As far as the Orthodox parents are concerned, they do not have to feel pressured to assume God’s role to protect their children from all known and unknown threats. It is an impossible task for a human. An Orthodox person understands that, after doing one’s best to take care of one’s offspring, “practicing what we preach” to our children and prayer with faith are what truly supplements any shortcomings of faulty human actions.
As a mother of three, I will admit that I have experienced my fair share of anxiety and mistakes in raising my children. Will they remain Orthodox throughout their life, will they preserve their virtues and values, will they forget how to speak Serbian – all in an environment not conducive to any of it? Often, in times of greatest distress and insecurity, I have wished for a manual that would just outright tell me how to be a good Orthodox mother who will raise her children to love God and His Holy Church. However, this great God’s gift of children does not come with ready care instructions.
Ultimately, the best advice I have ever heard is that we should spend less time talking to our children about God, and more time talking to God about our children, that is, praying to God for them. And by striving to draw nearer to God, we can be sanctified by God’s grace and our home made holy, along with the family living in it.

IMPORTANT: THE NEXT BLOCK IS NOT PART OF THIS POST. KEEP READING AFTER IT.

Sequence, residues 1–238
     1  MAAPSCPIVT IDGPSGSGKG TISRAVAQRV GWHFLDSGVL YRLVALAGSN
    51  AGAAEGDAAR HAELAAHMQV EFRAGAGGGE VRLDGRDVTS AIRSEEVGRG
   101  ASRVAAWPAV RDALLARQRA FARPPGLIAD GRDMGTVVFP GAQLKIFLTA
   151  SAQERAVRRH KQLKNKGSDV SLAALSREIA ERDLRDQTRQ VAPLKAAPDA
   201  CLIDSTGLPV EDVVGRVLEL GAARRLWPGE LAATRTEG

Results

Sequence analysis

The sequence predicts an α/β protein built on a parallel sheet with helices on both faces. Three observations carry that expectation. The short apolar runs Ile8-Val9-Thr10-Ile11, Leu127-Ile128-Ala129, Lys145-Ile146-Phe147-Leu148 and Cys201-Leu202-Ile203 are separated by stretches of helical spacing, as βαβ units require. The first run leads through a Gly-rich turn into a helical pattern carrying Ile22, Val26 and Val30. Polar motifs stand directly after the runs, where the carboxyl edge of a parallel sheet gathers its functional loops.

* These parenting experts are scrutinized in the thought-provoking book Paranoid Parenting: Why Ignoring the Experts May Be Best for Your Child (Chicago Review Press, c 2002.) by Dr. Frank Furedi, British sociologist and professor at the University of Kent. He claims that child psychologists, pediatricians and other child professionals inundate parents with their, often contradictory, advice based on momentary and ever-changing trends in child development theories and nurturing practices. For example, in a chapter entitled “Parents as Gods,” Dr. Furedi comments on the perception that parent initiative shapes virtually every aspect of a child’s future (what he calls parental determinism). By contrast, in the chapter “Professional Power and the Erosion of Parental Authority,” we see how parental competence is actually not being validated amidst the constant barrage of how-to’s of upbringing. Instead of being supported, parents are disempowered and professionals empowered. – A.P